Tuesday, June 10, 2014

Shoulder Stand: a Clean Aid Revolution.

at right: climbers attempting an H3 move. (photo credit: supertopo user Clint Cummins, http://i129.photobucket.com/albums/p231/scgrossman/CzechPaprikaMt89G.jpg. )

    Gaston R├ębuffat said “If you use your head , your physical qualities will help you to acquire technique. Technique governs security, whether you are alone or in a party on a rope.”  This is probably not what he meant.
    Once forgotten, the historic ‘shoulder-stand’ move is seeing a new renaissance.  The rationale behind the not-so-new technique is that, one, two, or six people can cover the same ground that has traditionally been aid terrain or even completely blank ground. It’s proponents describe it as ‘the new clean aid’.  It's critics regard it as dangerous, unnatural, or even 'downright wrong'. No bolts, rivets, drilled beak-holes, or pins are placed.  In fact no protection is required at all.
    In exchange for it’s purity, there is a greater level of danger.  It is up to you to decide if it is really ‘free climbing’ or not. As every forum poster ever said: “It just depends on your definition of climbing.” The new grade system outlines the risks at each level of the Human aid technique.  Perhaps we are stronger together, but we are, without a doubt, measurably taller when stacked on top of one another.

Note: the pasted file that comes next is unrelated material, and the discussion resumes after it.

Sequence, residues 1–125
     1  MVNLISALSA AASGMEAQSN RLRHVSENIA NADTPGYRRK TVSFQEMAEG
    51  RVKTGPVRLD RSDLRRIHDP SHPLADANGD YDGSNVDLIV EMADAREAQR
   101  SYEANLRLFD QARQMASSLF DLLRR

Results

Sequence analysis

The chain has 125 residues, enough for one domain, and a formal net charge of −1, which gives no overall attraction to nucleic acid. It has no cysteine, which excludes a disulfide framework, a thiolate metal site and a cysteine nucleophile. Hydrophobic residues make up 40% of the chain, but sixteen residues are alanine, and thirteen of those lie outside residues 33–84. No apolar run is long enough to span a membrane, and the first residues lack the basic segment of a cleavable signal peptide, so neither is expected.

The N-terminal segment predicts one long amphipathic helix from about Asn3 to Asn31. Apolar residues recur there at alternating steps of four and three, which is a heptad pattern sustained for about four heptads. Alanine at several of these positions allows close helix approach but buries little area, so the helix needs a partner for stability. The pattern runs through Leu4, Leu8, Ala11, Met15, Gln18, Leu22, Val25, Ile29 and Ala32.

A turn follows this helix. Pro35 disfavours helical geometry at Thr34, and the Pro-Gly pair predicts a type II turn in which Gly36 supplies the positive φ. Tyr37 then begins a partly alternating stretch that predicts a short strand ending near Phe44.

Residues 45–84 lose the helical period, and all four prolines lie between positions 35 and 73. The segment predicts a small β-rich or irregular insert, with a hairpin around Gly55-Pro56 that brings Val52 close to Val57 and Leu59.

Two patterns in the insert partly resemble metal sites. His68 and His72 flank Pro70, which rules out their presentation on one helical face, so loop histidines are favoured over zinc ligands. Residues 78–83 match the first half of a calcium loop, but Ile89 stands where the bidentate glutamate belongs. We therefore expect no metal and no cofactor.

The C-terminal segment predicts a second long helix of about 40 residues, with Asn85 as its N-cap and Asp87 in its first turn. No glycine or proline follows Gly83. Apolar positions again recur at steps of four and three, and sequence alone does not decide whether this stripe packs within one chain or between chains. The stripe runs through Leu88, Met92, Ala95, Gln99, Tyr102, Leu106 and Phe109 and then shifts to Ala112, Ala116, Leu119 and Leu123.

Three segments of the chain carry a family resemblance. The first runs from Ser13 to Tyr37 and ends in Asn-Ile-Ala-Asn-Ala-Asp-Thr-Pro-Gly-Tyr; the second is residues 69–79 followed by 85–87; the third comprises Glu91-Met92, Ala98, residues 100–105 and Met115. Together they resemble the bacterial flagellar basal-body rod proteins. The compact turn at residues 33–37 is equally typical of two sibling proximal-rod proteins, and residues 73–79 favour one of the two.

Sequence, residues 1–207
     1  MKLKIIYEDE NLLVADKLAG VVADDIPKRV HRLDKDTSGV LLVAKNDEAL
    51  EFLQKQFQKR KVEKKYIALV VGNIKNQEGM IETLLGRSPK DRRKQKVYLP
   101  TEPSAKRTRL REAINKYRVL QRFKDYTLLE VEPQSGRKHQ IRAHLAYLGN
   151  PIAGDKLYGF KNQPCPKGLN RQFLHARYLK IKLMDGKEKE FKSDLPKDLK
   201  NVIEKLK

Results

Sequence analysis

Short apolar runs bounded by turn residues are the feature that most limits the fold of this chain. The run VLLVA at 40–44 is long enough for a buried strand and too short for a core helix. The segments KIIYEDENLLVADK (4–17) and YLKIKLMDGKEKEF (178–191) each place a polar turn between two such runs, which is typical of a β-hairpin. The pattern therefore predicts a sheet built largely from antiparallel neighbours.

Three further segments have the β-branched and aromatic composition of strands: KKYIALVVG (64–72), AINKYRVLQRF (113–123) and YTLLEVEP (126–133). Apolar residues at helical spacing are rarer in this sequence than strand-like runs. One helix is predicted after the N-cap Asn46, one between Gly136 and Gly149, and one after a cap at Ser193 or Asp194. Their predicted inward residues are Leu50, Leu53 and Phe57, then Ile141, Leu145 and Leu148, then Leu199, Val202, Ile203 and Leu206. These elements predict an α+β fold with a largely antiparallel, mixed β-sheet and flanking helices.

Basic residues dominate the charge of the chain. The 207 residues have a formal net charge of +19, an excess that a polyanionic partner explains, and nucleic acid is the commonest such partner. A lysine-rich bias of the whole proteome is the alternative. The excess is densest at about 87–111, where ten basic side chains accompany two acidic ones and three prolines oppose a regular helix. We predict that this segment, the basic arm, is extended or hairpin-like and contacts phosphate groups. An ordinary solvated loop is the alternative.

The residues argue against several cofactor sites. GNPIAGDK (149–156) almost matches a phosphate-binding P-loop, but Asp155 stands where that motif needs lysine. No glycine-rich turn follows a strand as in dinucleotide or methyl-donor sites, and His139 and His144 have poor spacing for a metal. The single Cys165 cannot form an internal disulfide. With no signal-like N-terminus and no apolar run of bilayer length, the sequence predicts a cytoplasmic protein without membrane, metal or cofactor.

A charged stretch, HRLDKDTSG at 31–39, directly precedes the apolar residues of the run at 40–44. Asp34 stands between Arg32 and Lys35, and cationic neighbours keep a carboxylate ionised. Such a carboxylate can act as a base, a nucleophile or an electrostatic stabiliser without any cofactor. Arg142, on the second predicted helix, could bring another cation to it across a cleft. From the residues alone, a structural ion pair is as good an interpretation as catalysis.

Human Aid climbing: The grades of difficulty correspond to the numbers of body placements on a pitch.  Due to the number of climbers required and the inherent danger, most climbs established as human aid climbs see very few repeats.

H1: Requires only the height of one average sized climber, plus a short hop to reach features.

H2: The classic ‘shoulder-stand’.  Using the partner’s upper body as foothold, one can ascend.

H3: Demands a stack of three climbers with honed balance.

H3+: Either three tall climbers or three climbers and a hop, much more dangerous than the mere         plus would suggest.

H4: With only body-placements for up to 24 feet, falling becomes very serious.

H5: many climbs originally established as H5 are now much tamer thanks to the widespread use of blowup dolls, lassos, and stick clips. 

H6: With six people stacked and tied in at intervals, a ‘whip’ is out of the question and would carry serious consequence for all involved. Even guessing the fall factor is difficult. These spectacular but rarely attempted sequences could have you clipping the anchors on many sport routes without ever touching rock. 

H>6: With the outcome almost certainly catastrophic dog-pile, climbs of this difficulty have not yet seen attempts.

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